Developing in vitro models of tumor (tumor microenvironment) to evaluate and improve therapeutic approaches

Principal Investigator and Contact : Stéphanie Descroix,

A critical problem in the development and deployment of effective anti-cancer treatments is the lack of adequate in-vitro model systems and this is particularly true for combined therapies. Conventional cell cultures or animal models (such as nude mice for patient-derived xenograft) fail to accurately predict drug responses in humans as they do not properly mimic the complexity of human physiopathology, particularly the immune tumor-microenvironment; for instance, nude mice are severely immuno-compromised to allow human xenografting. This is why clinical trial success rate in oncology is dramatically low. The use of animal models also raises ethical problems regarding animal well-being especially in the 3R context.

Hence, there is an urgent need to develop new technologies that allow investigating the effect of anti-cancer therapies in particular when used in combination by being able to assess their influence on the tumor microenvironment as well as by controlling the composition of these humanized cellular tumor ecosystems for both research and treatment purposes. In the last decade, basic research showed how our understanding of the behavior of physiological and patho-physiological systems can be greatly increased thanks to a rational simplification of the human body in artificial microsystems. Microtechnology and specifically microfluidics, provided powerful tools, to interact with cells at their own scale, tailoring the artificial microenvironment on experimental needs. In this context, we have initiated a strong collaboration with the team of F. Mechta-Gregoriou at Institut Curie in particular with MC Parrini, G. Zalcman and J. Camonis to develop relevant in vitro microphysiological models of tumor microenvironment. We aim at pursuing in this research direction through both biological and biophysical approaches.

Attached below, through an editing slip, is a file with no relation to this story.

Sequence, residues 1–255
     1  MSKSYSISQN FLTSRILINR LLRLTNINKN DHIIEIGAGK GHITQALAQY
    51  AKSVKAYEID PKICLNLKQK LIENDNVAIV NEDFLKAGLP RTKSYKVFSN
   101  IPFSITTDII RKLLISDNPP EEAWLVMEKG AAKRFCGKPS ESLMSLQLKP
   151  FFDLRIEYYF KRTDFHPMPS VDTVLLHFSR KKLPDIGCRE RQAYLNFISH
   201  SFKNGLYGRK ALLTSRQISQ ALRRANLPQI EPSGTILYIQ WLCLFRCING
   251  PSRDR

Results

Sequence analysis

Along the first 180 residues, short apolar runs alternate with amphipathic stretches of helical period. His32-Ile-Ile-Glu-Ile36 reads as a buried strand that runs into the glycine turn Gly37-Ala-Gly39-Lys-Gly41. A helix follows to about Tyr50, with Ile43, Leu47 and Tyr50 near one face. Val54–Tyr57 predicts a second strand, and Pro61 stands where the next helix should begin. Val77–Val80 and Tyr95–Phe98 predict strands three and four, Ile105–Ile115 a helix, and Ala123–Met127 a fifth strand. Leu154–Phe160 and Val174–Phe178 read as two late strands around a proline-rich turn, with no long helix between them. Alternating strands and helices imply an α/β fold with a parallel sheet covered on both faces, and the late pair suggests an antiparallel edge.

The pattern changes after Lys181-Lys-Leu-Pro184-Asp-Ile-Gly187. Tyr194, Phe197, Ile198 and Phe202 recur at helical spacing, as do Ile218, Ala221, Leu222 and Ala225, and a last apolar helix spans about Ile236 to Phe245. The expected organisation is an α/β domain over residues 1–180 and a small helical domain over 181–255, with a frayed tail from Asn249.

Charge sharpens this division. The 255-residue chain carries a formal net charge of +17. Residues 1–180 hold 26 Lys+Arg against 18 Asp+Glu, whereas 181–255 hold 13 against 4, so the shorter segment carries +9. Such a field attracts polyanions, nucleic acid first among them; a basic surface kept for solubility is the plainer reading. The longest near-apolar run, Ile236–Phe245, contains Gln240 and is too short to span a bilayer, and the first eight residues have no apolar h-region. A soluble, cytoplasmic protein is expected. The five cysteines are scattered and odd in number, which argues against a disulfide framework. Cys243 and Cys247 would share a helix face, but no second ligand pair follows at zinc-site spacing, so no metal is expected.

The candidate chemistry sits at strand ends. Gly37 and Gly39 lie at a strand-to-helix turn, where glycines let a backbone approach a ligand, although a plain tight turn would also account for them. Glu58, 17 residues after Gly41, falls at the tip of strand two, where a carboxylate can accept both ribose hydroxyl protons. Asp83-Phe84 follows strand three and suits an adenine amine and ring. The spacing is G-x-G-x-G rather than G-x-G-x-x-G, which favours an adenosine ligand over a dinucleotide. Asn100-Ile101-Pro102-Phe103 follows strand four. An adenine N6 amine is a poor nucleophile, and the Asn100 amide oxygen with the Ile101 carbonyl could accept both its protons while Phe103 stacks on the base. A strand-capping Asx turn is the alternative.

Despite already promising results, we still consider that our tumor on chip (ToC) platform could be further improved. In particular, we aim at integrating functional vessels on chip. Besides, in collaboration with Fluigent company, we also aim at implementing a new generation of ToC with a fine control of physioxic or hypoxic conditions.  Those improvements will both improve the completion of ToC biomimetism and allow for a better understanding of TME response to different drugs. With the team of F. Mechta-Gregoriou, we are currently implementing the on-chip reconstitution a simplified immunocompetent lung tumor microenvironment to quantify the effects of immune checkpoint inhibitor on the tumor ecosystem. We will use these models to dissect the response of the tumour microenvironment to therapeutic approaches combining nanoparticle-mediated hyperthermia and chemotherapy or immunotherapy.

In parallel, we also aim at further probing the biophysical properties of reconstituted tumor.  More specifically, tumor magnetic spheroid can be used as both rheological probes and biological actors of the tumor microenvironment. They can be either compressed in magnetic field gradient to measure in-depth rheological properties of these tumors-to-be or they can be manipulated by magnetic attractors within chips to probe the rheological properties of their environment to assess the effect of chemo- or photo-therapies on TME biophysical properties. Importantly, because these approaches involve the incorporation of exogenous nanoparticles in cells, we will also focus on the biological fate of these nanoparticles within the engineered tissues, and investigate their assimilation after playing their initial role as magnetic organizers and stimulators